Scott H. Biram sings with the soul and conviction of a real hillbilly bluesman. Seasoned beyond his years, the 29 year old recreates the sounds and songs of the depression era (i.e. Leadbelly, Woody Guthrie, Son House, Mance Lipscomb, Big Joe Williams, Bill Monroe) while blending his own background of punk rock, rough edged country blues, and raunchy bluegrass. His music can be compared to other one-man band acts such as Bob Log III and Hasil Adkins. Scott's distinctive sound comes by way of a collection of beat-up amps and CB microphones accompanied by an overdriven footstomp board and a white trash yodel.

In January 2003 he was voted into Austin's Top 5 Best New Acts of 2002 by the Austin American Statesman. Biram's first release, This is Kingsbury? (2000), introduced him as a talented multi-instrumentalist who precariously balances traditional blues and raucous punk rock. Recently his original song "Truckdriver" from his second release Preachin' and Hollerin'(2002) was picked up by none other than Hank Williams III, and is scheduled to appear on Williams' next album. His third record, Lo-fi Mojo, was released in February 2003.

Biram frequently tours both the East and West coasts, the Midwest, New Mexico, Arizona, Oklahoma, Tennesee, Kentucky, and has become a local legend in Louisiana and Texas. He's scheduled to appear on television programs on FOX and ABC, as well as a nationally syndicated commercial for Jack Daniels Hard Cola in early 2003. Los Angeles based production company, Gallos Diablos (credits include The Sundance Film Festival), have begun filming a documentary about life on the road with Scott H. Biram. The working title is "Lost Case of Being Found" taken from the Biram original song, and is scheduled to be released in 2004.

Apparently Scott H. Biram will not die. On March 25th, 2003 he was involved in a horrific head-on collision with an eighteen wheeler, in which he suffered compound fractures in multiple limbs and severe internal damage. After a month in the hospital, 12 surgeries, and 4 months in a wheelchair, "Bounce Back" Biram has picked up where he left off--Preachin' and Hollerin'. In his first show back he played from a wheelchair, I.V. still dangling from his arm!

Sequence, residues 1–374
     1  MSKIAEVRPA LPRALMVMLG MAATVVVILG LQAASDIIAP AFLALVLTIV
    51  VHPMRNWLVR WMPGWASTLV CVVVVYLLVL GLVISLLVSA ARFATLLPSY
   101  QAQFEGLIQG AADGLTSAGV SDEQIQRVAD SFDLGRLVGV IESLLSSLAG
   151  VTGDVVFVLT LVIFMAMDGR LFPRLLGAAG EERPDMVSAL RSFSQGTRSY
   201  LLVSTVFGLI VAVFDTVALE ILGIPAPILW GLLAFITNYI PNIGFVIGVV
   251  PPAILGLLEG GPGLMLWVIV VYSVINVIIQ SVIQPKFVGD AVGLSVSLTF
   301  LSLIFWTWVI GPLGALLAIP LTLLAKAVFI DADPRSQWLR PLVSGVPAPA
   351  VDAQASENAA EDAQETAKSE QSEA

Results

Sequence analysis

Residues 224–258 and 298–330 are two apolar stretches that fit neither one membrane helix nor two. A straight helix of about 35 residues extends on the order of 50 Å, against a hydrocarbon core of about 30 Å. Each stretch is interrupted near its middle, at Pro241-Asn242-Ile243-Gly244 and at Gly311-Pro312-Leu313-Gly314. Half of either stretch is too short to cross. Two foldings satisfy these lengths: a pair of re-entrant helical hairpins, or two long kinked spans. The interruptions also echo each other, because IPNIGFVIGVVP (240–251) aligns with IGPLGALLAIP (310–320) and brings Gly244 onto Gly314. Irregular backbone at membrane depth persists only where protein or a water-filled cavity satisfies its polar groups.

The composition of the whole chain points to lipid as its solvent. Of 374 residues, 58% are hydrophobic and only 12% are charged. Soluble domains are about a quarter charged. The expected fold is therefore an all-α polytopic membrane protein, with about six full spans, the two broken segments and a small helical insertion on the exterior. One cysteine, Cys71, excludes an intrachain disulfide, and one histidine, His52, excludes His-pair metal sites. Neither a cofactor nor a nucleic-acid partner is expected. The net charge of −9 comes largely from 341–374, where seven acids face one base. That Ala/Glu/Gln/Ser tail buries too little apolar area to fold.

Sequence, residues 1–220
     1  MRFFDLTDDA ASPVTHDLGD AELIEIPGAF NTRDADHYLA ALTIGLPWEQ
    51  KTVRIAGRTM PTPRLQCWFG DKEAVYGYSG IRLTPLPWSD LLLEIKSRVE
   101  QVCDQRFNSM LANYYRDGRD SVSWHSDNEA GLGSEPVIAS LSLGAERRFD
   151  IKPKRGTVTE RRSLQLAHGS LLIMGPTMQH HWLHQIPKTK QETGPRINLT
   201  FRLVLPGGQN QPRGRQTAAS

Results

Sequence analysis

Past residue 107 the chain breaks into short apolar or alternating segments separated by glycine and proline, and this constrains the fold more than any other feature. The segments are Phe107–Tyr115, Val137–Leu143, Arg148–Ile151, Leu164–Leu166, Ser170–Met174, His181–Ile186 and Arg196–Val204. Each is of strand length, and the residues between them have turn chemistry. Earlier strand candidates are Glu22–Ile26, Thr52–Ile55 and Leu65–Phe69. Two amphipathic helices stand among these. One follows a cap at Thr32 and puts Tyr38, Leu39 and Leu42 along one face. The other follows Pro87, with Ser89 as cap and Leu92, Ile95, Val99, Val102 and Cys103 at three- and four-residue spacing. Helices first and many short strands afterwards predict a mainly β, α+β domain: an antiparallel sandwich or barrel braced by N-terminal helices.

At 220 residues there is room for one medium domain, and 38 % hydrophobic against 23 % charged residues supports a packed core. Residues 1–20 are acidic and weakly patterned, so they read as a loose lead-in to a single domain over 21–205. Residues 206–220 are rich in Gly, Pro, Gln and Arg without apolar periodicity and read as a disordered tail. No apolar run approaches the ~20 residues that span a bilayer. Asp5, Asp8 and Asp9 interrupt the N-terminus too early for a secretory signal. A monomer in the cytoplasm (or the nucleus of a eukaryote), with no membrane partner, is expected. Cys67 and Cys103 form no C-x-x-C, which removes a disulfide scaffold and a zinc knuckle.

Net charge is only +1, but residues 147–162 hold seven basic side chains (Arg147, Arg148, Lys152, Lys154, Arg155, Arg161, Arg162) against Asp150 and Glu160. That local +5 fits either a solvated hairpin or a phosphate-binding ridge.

Biram holds his own while playing on bills including Hank Williams III, Fat Possum recording artists Cedell Davis and T-model Ford, The Gourds, Del McCoury, Peter Rowan, Wayne "The Train" Hancock, Toni Price, The Derailers, Dale Watson, Ian Moore, Daniel Johnston and The Bad Livers. Catch this rural Texas resident's unique shotgun approach to keeping dying old-time musical genres alive.
Whiskey Shivers
Whiskey Shivers
Fresh off the heels of their 2013 Austin Music Award win for Best Bluegrass Band and a twenty show marathon during SXSW, Whiskey Shivers hasn't had much time to breathe. In the last 365 days Whiskey Shivers has had a music video go viral, made national television appearances on NBC's revolution and Travel Channel's No Reservations, played a string of sold-out shows up and down the east and west coasts, and tracked a brand new record with producer Robert Ellis. The Austin, Texas based trash-grass outfit show no signs of slowing down this year.
Venue Information:
The Catalyst
1011 Pacific Avenue
Santa Cruz, CA, 95060
http://www.catalystclub.com/